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Friday, December 8, 2023

Federal Congress of the Jusos: Left against Left

Who will be the new Juso chairman? Two applicants from the left camp are running. Both are united in criticism of the traffic lights.

Philipp Türmer with a white shirt and glasses next to Sarah Mohamed with a colorful T-shirt and glasses

Who will be the Juso federal chairman? Philipp Türmer and Sarah Mohamed are standing for election Photo: Becker Bredel/imago, Wolfgang Borrs

BERLIN taz | The socialist society is stated as the goal in the first sentence of the main proposal. If the Young socialists in the SPD are going to the federal congress from Friday in Braunschweig, then they won’t settle for half measures. A socialist tax system with wealth and inheritance taxes is up for debate, as is a basic inheritance of 60,000 euros for everyone or the abolition of the European border protection agency Frontex. The chances that the Juso Federal Congress will decide on these demands are good.

However, it is completely open who will become the new Juso federal chairperson. Here, Sarah Mohamed and Philip Türmer, two similarly promising applicants, are competing against each other. The last time there was such competition for the presidency was 10 years ago. The 300 delegates to the Federal Congress have the choice between two candidates from the left-wing camp who represent different priorities.

The 32-year-old Mohamed lives in Bonn, where she studied history and philosophy. As a teenager she was active in anti-fascist groups and came to the Jusos through university politics. She aggressively advocates for the rights of minorities, describes herself as a queer black woman and wants to combine struggles for equality with the fight for social justice. “It is important to me that we as Jusos find more connection to the climate movement, to anti-racist and feminist movements,” she told the taz after declaring her candidacy in September. She wants to make the Jusos “more visible again as an activist youth organization”.

Bringing left-wing social movements together is also Philipp Türmer’s concern. In his candidacy he explains: “The commonality of climate activist, trade union, feminist and anti-racist movements is the fight against capitalism.”

Criticism of Scholz and Faeser

There are no major differences in content between the two candidates, they are more nuances. Türmer explains that his focus is more on the issue of distributive justice. The studied economist is currently working on his legal doctorate. Topic: “The confiscation of assets in criminal law.”

Both also have in common that they are critical of the SPD’s current course in government and rule out their own candidacy for the Bundestag. While Mohamed has the strong North Rhine-Westphalia regional association behind him, the Hesse tower player can count on a good network within the Jusos. The outgoing Juso chairwoman Jessica Rosenthal has publicly avoided taking sides.

The debates on current political issues, in which Jusos sharply criticize the SPD-led traffic light, will certainly be exciting. On the one hand, this is asylum policy. Sarah Mohamed sees “red lines crossed” when it comes to asylum. The traffic light policy has racist traits, she told the taz and that contributes to the current cold relationship between the Jusos and the SPD.

Mohamed particularly criticizes the course of Interior Minister Nancy Faeser and Chancellor Olaf Scholz and their right-wing tone that deportations must now be carried out on a large scale. “It is time for people in the SPD to stand up and take a clear stance,” said Mohamed.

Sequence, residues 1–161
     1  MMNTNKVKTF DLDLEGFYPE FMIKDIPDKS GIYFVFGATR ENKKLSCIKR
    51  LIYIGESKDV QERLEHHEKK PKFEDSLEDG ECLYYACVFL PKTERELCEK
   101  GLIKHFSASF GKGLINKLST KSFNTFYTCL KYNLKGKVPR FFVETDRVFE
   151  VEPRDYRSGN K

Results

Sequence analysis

In the Federal Executive Board’s lead proposal, the Jusos reject the establishment of camps at the external borders, an essential element of the reform of the European asylum system that Faeser helped negotiate. Instead, they demand safe escape routes and legal means of escape. Every person fleeing persecution or poverty deserves protection and asylum in the European Union.

Another current topic that will probably also be discussed at the Federal Congress are the consequences of the Federal Constitutional Court’s ruling. The decision was made on Wednesday, that the traffic light government acted unconstitutionally, when she reallocated loans that had not been drawn from the times of the corona pandemic into the climate fund. There is now a lack of 60 billion euros for the climate-neutral restructuring of the economy and society.

Abolish the debt brake

“If this money is lost in the climate fund, I see a black mark for the climate goals,” said Türmer, adding that the traffic light must now change direction in terms of fiscal policy. “The only right thing would be to abolish or at least suspend the debt brake. To do this, the government can declare a climate emergency.”

In order to abolish the constitutional debt brake, the traffic light would need a two-thirds majority and the votes of the Union. But she is absolutely against it. In an acute crisis, the Bundestag could also suspend the debt brake with a simple majority. However, the FDP, which insists on the brakes, is not playing along.

In their lead motion, the Jusos are calling for the abolition of the debt brake – “and the ruling from Karlsruhe has strengthened us in this demand,” said Türmer.

No matter who prevails in the end, the SPD can probably expect that the Jusos, who traditionally see themselves as the left-wing driving forces of their social democratic parent party, will appear more rebellious and demanding again in the future. Hubertus Heil, SPD labor minister with a Juso past, and Kevin Kühnert, general secretary and former Juso federal chairman, who are coming to the federal congress on Saturday as guest speakers, can dress warmly.

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